To understand what a long-term comet is one needs to understand the differences between long-term and short-term comets and how they differ from other celestial bodies like asteroids. Asteroids are small stone or iron bodies generally found inside the orbit of Jupiter. They contain little or no volatile ices.
Comets are small celestial bodies with significant volatile ice content and orbits that approach the sun. They get the name comet from the evaporation and ejection from the comet nucleus of water and other volatile gases, along with dust, when these bodies are heated as they approach the sun. These gases and ejected dust form a tail or coma as they are pushed away from the cometary nucleus by solar winds. The tail or coma is what visually separates comets from asteroids, although there are some comets that have lost all their volatile ices after repeated cycles near the sun and no longer display a tail or coma.
Comets can be divided into two general classifications, short-term or short period comets which have orbits of less than 200 years in duration and long-term which have greater than 200 year cycles.
Short-term comets have elliptical orbits and return to perihelion, or closest approach to the sun, on a regular predictable basis. They are also called periodic comets by the International Astronomical Union Minor Planet Center (MPC). The well known comet Halley is a short-term or periodic comet and carries the designation P/1682, P/ for periodic and 1682 for the year it was first observed. Periodic comets are thought to have originated in the Kuiper belt, a disk shaped region beyond the orbit of Neptune consisting of mainly small icy bodies similar in composition to comets The dwarf planet Pluto is a Kuiper belt object. Periodic comets could also be long-term comets that have been captured in shorter term orbits. Periodic comets tend to orbit near the same plane as the planets.
Long-term comets have orbits longer than 200 years. Some may have orbits that last millions of years. A rare few called hyperbolic comets make a single pass around the sun and then travel out of the solar system entirely. The orbits of long-term comets tend to be more eccentric and less predictable. They spend more time at aphelion and at slower speeds and can be affected by the gravity fields of the larger outer planets. Long-term comets are thought to originate in the Oort cloud, a spherical area a thousand times more distant from the sun than the Kuiper Belt. The Oort cloud has not been observed, but theorized because long-term comets come into the inner solar system from all directions, not just the planetary plain, at velocities that indicate origins in this spherical area. The Oort cloud objects are so far from the sun that gravity fields of other stars or the Milky Way Galaxy itself may perturb the objects and start them falling into the inner solar system. The influence of extra solar gravity effects and the possibility of collisions with other Oort cloud objects could help explain some eccentricities of long term comet orbits.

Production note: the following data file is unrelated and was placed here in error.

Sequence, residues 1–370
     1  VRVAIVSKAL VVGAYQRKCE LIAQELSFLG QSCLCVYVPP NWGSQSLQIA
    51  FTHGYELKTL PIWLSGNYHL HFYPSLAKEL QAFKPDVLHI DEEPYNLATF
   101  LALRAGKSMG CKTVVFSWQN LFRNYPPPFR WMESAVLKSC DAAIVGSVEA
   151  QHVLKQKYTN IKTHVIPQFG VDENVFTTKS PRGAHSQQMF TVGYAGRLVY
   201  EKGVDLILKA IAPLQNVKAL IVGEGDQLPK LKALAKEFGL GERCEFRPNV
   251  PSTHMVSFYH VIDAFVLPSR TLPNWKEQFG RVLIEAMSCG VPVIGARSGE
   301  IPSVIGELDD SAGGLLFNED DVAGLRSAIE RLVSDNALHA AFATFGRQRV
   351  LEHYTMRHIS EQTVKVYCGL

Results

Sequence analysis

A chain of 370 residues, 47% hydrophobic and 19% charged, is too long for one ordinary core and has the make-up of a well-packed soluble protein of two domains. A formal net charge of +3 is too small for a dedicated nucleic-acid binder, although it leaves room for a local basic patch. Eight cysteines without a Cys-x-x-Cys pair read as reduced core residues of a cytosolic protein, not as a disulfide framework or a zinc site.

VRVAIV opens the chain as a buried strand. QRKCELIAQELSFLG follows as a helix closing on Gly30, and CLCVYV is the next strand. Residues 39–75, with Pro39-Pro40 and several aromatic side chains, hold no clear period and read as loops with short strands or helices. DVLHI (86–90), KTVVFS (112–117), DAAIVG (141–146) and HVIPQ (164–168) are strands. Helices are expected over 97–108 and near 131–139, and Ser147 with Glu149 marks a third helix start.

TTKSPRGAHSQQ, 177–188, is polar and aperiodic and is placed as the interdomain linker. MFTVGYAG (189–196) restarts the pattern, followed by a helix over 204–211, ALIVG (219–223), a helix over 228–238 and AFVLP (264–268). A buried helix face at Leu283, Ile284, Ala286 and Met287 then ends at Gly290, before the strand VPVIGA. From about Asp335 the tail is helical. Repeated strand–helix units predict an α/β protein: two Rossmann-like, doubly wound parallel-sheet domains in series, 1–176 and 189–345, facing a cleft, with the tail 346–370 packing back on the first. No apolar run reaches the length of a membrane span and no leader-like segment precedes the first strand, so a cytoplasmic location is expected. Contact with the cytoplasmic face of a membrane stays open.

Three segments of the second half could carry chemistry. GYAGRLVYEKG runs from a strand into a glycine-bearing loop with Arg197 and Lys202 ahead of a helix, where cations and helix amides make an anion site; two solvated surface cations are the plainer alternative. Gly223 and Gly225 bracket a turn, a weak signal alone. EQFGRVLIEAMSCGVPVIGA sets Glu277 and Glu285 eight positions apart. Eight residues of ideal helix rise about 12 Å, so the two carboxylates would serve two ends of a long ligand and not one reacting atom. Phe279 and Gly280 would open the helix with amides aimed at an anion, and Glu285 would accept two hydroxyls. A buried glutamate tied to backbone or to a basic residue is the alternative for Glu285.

We still have much to learn about the Oort cloud and long-term comets. New telescopes, observation techniques and ways to interpret data will keep adding to our knowledge of comets and their origins.
A list of known periodic comets.
Animation of outer planets and known Kuiper belt objects.